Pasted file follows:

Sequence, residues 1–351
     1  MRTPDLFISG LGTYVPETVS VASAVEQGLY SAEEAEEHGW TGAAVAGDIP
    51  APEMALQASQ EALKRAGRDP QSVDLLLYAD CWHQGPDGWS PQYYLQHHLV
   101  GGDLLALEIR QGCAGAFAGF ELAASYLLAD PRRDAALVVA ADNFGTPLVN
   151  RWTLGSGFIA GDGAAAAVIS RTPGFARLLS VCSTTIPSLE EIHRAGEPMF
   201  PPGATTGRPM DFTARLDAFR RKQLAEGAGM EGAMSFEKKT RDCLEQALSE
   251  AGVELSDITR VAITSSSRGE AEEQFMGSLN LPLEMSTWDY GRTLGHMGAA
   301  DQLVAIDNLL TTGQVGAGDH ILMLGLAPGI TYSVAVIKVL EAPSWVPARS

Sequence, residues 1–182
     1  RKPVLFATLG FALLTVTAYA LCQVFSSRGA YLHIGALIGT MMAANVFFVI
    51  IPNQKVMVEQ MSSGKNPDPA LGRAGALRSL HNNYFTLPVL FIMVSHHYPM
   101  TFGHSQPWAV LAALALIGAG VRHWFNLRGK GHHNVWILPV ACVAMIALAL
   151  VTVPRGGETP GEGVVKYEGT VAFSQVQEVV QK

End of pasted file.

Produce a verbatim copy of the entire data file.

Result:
Sequence, residues 1–351
     1  MRTPDLFISG LGTYVPETVS VASAVEQGLY SAEEAEEHGW TGAAVAGDIP
    51  APEMALQASQ EALKRAGRDP QSVDLLLYAD CWHQGPDGWS PQYYLQHHLV
   101  GGDLLALEIR QGCAGAFAGF ELAASYLLAD PRRDAALVVA ADNFGTPLVN
   151  RWTLGSGFIA GDGAAAAVIS RTPGFARLLS VCSTTIPSLE EIHRAGEPMF
   201  PPGATTGRPM DFTARLDAFR RKQLAEGAGM EGAMSFEKKT RDCLEQALSE
   251  AGVELSDITR VAITSSSRGE AEEQFMGSLN LPLEMSTWDY GRTLGHMGAA
   301  DQLVAIDNLL TTGQVGAGDH ILMLGLAPGI TYSVAVIKVL EAPSWVPARS

Sequence, residues 1–182
     1  RKPVLFATLG FALLTVTAYA LCQVFSSRGA YLHIGALIGT MMAANVFFVI
    51  IPNQKVMVEQ MSSGKNPDPA LGRAGALRSL HNNYFTLPVL FIMVSHHYPM
   101  TFGHSQPWAV LAALALIGAG VRHWFNLRGK GHHNVWILPV ACVAMIALAL
   151  VTVPRGGETP GEGVVKYEGT VAFSQVQEVV QK